2011
Sep 27

Potato Stamps

by Hannah Holt »

2 comments


This classic craft is always fun. See the end of this post for other food based stamp ideas.

Print these directions.

What you’ll need:

  • Potato
  • Knife
  • Paint
  • Paper

Step1: Wash and scrub the potato.

Step 2: Halve the potato. Make a clean cut as each half becomes the surface for one stamp.

Step 3: Cut a design into the potato’s face (about 1/4 inch deep).

Step 4: Cut the surrounding potato away from the design. Be extra careful around corners and small pieces of the stamp.

Step 5: Press the potato into the paint and then onto the paper. Repeat!

Other Fun Produce Stamps…

  • Celery Bunch Roses

  • Apple Daisies
  • Bell pepper clouds with mushroom and asparagus trees

  • (Any firm fleshed vegetable can become a stamp.)

2010
Dec 09

Thirty

by Hannah Holt »

one comment


Today I had one of those nice round numbered birthdays. The passing of another decade makes me thankful…

for freckled skin,

Milan, Berlin,

Off Broadway plays,

warm summer days,

the leaves in fall,

old music halls,

shared wordless looks,

tall stacks of books,

the one who left,

the treble cleft,

dancing alone,

the telephone,

my family,

a framed degree,

my first career,

that crazy year,

“and. oh. my. gosh!

that. guy. named. Josh!”

our wedding bells,

low priced motels,

soft baby’s breath,

comfort at death,

Josh graduates,

our clan moves states,

the nurse says “TWINS,”

my husband grins.

My birthday wish-

more days like this.


2013
Mar 12

Lightsabers for Renn

by Hannah Holt »

11 comments


A special boy named Renn is back in the hospital for another round of epilepsy tests. This post is part of a blog party to encourage/entertain him during his hospital stay

Hi Renn,

When my daughter was younger, we went to a hospital in Denver, and scientists studied the electrical pulses in her brain.

Char sleep study 1

It didn’t hurt her. In fact, her job was to take a nap. She was good at her job.

I’ll bet you know a lot of different ways that doctors can study the brain. Some of the machines have fancy names. I think it’s fun to learn about all the tools doctors have to help us. Do you?

Neurologist

But I also know it can be boring hanging out in the hospital all day. Another time while my daughter was staying in the hospital, she was bored and kept pulling off her oxygen sensor. Every time she pulled it off, little lights would blink and machines would beep. She may have been small, but she really knew how to keep those nurses running!

Image07142011064741

You must be very brave and strong and patient to handle all the different tests. But then again, I hear you are training to be a Jedi.

Well, even Jedi Warriors need a little fun now and then. So I made a lightsaber paper craft for you. In the end, you’ll have a finger-sized lightsaber, like this:

free lightsaber printable

I made a few options for you because I’m not sure which might be the most powerful in a hospital (Instructions are included on each sheet.):

1. Luke Skywalker Lightsaber

2. Yoda Lightsaber

3. Obi-Wan Kenobi Lightsaber

4. Darth Vader Lightsaber

My daughter is now a bubbly two-year-old, and thankfully she’s as healthy as can be. Sometimes I wish she and her sister moved a little slower…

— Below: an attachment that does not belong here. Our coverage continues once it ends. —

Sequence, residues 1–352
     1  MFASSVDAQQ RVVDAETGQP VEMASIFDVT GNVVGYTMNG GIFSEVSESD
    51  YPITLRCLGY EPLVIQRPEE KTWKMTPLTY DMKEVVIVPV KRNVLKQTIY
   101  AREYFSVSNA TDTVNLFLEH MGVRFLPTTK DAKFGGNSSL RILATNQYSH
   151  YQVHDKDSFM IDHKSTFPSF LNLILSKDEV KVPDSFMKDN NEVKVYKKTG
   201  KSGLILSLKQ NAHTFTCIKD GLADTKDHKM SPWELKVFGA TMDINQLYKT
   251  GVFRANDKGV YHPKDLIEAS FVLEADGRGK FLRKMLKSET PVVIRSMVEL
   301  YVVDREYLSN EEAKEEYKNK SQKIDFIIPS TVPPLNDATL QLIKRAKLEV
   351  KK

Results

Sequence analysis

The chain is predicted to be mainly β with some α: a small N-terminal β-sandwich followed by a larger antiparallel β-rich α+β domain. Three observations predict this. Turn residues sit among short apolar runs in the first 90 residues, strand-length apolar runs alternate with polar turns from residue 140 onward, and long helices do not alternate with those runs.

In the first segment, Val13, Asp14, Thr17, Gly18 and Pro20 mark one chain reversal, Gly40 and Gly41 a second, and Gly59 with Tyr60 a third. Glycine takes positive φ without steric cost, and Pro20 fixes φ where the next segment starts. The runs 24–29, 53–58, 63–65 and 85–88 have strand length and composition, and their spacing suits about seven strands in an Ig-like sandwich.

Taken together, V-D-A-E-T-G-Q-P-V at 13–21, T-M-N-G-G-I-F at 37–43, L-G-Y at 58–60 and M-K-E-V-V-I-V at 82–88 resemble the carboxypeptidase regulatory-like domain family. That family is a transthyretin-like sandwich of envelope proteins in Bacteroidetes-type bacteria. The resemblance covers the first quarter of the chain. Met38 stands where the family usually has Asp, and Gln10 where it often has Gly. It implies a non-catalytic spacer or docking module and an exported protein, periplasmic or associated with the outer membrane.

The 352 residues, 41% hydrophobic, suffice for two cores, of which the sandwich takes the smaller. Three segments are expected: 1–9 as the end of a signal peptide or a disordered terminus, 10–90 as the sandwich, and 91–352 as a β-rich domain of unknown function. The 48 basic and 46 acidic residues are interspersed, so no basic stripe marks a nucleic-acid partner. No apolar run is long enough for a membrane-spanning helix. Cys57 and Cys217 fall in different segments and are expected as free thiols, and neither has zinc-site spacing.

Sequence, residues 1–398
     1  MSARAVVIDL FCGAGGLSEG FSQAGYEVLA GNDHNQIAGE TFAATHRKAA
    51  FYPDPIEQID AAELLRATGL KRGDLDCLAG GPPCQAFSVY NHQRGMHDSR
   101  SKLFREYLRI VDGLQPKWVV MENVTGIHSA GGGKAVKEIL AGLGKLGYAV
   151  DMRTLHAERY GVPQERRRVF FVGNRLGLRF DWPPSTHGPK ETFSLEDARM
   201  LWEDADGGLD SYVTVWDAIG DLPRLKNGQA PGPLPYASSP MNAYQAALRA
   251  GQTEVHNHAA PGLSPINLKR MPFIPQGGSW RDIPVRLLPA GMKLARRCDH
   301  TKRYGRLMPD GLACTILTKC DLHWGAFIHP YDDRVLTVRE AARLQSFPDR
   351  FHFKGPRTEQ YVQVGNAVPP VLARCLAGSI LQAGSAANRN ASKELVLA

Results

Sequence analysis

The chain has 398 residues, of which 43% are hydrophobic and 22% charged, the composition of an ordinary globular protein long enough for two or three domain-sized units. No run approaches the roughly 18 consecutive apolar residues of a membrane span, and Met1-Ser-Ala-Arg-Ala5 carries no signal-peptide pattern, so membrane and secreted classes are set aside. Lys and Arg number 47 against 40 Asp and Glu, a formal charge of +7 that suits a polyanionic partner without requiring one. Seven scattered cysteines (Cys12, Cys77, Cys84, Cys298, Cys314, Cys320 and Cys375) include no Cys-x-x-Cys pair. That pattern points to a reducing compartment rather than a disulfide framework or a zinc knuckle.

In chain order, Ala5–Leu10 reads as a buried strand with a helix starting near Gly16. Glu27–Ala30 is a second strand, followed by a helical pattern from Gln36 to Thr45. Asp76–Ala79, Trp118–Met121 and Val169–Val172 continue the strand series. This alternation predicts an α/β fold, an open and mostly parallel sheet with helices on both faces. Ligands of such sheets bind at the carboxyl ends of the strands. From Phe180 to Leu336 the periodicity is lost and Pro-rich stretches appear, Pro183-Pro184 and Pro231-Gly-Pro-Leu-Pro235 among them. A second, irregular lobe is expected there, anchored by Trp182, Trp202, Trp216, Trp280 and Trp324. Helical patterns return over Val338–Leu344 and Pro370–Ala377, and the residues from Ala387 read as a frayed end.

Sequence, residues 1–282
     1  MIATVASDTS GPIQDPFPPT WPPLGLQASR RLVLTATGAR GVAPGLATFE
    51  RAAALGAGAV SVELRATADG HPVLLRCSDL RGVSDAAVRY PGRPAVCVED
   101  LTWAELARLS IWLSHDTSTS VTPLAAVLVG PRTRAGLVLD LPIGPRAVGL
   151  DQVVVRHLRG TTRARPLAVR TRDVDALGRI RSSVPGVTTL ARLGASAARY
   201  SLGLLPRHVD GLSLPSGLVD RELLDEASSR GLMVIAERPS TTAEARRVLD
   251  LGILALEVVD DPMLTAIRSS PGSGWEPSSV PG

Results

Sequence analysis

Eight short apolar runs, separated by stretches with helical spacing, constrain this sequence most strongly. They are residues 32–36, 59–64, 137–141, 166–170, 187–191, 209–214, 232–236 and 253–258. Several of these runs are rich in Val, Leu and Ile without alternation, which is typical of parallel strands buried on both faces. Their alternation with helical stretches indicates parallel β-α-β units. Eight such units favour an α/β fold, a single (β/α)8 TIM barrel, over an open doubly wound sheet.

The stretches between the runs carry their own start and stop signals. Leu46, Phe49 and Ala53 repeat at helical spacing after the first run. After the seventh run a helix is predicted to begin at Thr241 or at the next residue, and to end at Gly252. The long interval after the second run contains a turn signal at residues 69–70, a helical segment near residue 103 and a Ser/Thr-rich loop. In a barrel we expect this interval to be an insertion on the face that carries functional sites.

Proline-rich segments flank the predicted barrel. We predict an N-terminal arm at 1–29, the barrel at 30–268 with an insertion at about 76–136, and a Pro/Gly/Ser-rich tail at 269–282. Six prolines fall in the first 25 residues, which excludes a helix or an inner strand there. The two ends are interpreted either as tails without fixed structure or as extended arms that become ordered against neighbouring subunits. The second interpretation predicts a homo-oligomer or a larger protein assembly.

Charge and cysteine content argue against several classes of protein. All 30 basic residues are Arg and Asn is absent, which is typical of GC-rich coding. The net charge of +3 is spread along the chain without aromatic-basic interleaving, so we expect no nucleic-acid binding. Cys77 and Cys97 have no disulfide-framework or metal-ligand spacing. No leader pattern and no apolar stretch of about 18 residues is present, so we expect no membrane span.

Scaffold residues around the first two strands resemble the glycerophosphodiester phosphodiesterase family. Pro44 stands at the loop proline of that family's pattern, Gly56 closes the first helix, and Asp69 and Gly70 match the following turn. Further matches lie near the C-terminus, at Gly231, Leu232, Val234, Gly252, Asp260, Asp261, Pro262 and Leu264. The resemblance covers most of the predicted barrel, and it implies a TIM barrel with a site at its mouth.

babies in flour

I could use a good Jedi around here to convince them they “don’t need to play in the pantry.” Ah, well. Keep practicing and maybe you could do your tricks long distance for me some day.

May the Force be with you, Renn!

-Hannah Holt


2012
Oct 16

Five No Carve Jack-o-lanterns

by Hannah Holt »

9 comments


Sharp knives and preschoolers don’t exactly mix, but my four-year-old loves jack-o’-lanterns. We’ll carve a pumpkin or three this year of course, but I’m not going to let him wield the knife… yet.

In lieu, I wanted a few more hands-on pumpkin opportunities for him. Here’s what we did instead.

1) Painted Jack

Supplies needed: Paints (we used acrylics) and brushes

2) Masquerade Jack

Supplies needed: A paper plate, paints, sequins, feathers, tape or glue (I did the cutting for him)

3) Crafty Jack

Supplies needed: Wiggly eyes, a pom-pom, a button, tape or glue

4) Modelling Clay Jack

We both had fun with this one.

Supplies needed: Modelling clay (It will stick to the pumpkin.)

5) Chalkboard Jack

Supplies needed: Chalkboard spray paint, chalk

My son had fun with all of these, but I asked him to pick a favorite. He chose the modelling clay activity (and that was the easiest to do). So there you have it. Easiest is best. Happy pumpkin season!


2013
Nov 14

Job Jar for Tots

by Hannah Holt »

7 comments


My children went through a phase a while ago where all their speaking vowels became extra extended. It sounded something like this: “I waaaant peanut butter. I doooon’t like tuuuuna.”

And this, “I waaant to plaaaaay. Plaaaay with meeee nooooow.”

It was driving me crazy, so I created a job jar for whining.  Every time a child came to me with “the voice,” I sent them to pulled a popsicle stick from the jar. The sticks had a variety of tasks written on them. They included things like:

  • give someone a hug
  • pick up three toys and put them away
  • draw a picture for Grandma
  • find two pieces of paper on the ground to recycle
  • pick a toy to share with your brother

The tasks were all simple things that 1) required almost no supervision on my part and 2) redirected their behavior. After a child understood their job, I had them put the stick back in the jar to use again later.

I’m not sure whether or not the job jar made this phase shorter, but it made it easier for me to pass through it. And that is a small victory in itself.

Me = 1, Whining = 0